Safety and public amenity will be the major focus of future deliberations regarding e-scooters and other ‘rideables’ on Noosa’s streets.
Following an application by Neon Ride to trial an electric scooter business on community land, Council resolved on Thursday not to issue a permit until more work is done around the risks and regulations associated with this new transport mode.
“The reason we can say no to Neon Ride is because their business model would result in them operating their business from public land,” Mayor Tony Wellington said.
“While considering the future of these new mobility devices, we’ll be liaising with the Department of Transport and Main Roads on various issues.
“Like other Queensland councils, we’re watching Brisbane City Council’s e-scooter trial with great interest. We’re also awaiting release of the National Transport Commission’s discussion paper on safe electric scooter use in Australia.
“With so many unanswered questions, issuing a permit now would be premature. It makes sense to properly consider the risks associated with having pedestrians share footpaths with fast-moving e-scooters. Other concerns include the enforcement of new laws for e-scooter riders, and of course the safety and amenity issues associated with dockless scooters being left on roadsides and in public areas.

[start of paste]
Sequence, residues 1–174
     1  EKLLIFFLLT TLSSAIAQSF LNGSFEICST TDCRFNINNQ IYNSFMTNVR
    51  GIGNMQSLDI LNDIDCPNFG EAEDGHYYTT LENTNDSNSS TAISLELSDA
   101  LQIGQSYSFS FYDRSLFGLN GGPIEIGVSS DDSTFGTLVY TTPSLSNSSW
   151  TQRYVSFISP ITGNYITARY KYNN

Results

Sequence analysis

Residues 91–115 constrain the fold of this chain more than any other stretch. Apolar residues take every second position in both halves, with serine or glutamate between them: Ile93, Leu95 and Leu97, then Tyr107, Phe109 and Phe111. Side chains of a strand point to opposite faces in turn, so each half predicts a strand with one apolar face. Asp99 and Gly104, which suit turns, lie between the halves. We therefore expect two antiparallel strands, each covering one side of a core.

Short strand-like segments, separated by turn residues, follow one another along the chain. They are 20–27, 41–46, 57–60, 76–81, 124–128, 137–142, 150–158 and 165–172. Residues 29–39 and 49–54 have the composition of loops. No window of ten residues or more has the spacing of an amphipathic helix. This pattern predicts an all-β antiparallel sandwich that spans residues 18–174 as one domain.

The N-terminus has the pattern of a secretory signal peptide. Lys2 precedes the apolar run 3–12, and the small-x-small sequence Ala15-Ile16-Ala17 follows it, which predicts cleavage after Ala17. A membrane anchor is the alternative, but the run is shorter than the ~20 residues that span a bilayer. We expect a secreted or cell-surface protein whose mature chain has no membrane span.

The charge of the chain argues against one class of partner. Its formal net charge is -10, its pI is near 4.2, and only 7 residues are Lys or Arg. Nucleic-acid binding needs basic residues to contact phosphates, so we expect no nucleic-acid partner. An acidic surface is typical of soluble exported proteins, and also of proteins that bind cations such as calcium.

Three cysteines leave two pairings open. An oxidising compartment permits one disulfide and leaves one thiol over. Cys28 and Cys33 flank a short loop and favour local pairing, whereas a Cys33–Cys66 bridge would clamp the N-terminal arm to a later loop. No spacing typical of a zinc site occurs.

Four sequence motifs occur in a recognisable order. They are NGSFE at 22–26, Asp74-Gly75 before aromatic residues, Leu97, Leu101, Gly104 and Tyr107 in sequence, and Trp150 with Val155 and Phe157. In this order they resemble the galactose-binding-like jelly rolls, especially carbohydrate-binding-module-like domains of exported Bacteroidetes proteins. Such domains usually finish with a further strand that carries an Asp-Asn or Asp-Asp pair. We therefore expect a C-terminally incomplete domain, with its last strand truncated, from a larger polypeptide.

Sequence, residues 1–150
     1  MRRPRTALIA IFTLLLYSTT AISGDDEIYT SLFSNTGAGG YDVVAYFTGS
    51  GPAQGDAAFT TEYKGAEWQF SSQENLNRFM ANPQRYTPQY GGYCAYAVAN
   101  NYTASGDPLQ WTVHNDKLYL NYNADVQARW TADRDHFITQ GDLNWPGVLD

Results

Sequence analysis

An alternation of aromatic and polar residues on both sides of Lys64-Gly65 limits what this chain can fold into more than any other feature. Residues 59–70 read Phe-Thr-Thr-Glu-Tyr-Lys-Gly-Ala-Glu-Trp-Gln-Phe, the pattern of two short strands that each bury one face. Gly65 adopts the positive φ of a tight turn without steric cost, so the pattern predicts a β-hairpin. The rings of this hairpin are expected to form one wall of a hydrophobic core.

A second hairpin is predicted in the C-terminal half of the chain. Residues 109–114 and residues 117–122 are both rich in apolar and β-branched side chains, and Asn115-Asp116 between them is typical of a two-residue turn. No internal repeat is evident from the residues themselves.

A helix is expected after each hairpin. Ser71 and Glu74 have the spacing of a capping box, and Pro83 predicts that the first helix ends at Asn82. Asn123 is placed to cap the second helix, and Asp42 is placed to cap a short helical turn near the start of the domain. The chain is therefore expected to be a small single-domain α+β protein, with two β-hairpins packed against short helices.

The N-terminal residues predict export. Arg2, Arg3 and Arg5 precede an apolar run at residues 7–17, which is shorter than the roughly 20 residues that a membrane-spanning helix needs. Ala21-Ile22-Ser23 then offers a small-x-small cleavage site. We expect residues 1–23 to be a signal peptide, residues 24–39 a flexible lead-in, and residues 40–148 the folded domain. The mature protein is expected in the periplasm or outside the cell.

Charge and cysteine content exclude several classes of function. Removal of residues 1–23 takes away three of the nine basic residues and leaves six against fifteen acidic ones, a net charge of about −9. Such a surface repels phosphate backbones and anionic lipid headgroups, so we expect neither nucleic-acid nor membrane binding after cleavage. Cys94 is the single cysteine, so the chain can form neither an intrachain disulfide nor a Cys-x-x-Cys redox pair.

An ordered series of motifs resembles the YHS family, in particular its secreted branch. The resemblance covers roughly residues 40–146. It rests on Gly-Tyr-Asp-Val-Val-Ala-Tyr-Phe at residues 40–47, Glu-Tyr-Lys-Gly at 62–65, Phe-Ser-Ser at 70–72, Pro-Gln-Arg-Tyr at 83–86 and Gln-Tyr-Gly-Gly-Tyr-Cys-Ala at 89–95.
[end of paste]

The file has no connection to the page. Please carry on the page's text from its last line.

“There is also the cloudy issue of insurance risk for Council if we were to provide a permit for such businesses to operate on Council-controlled land.
“While e-scooters may have a useful part to play in the bigger transport picture, other regions’ experience shows they clearly present challenges. Once we have strategies for tackling these challenges we’ll be in a much better positon to consider applications from e-scooter operators looking to launch their product here.”
The Mayor said a recent police blitz on e-scooters in Brisbane, which saw people fined for not wearing helmets, highlighted just some of the issues.
“In addition, the State recently released concerning e-scooter-related hospital admission data.”
The Mayor said Council didn’t see an urgent need for e-scooters in Noosa and would take its time to ensure any future plan to introduce them not only went smoothly, but was also designed to suit Noosa’s lifestyle and environment.
“E-scooters are a new and somewhat disruptive technology. Like many disruptive services, there simply aren’t the proper legislative controls in place to manage their impact,” he said.
“Residents certainly aren’t telling us that they desperately want e-scooters on our streets. In fact the only enquiries that I’m fielding currently are from e-scooter companies who obviously see the promotional value of operating in Noosa,” the Mayor said.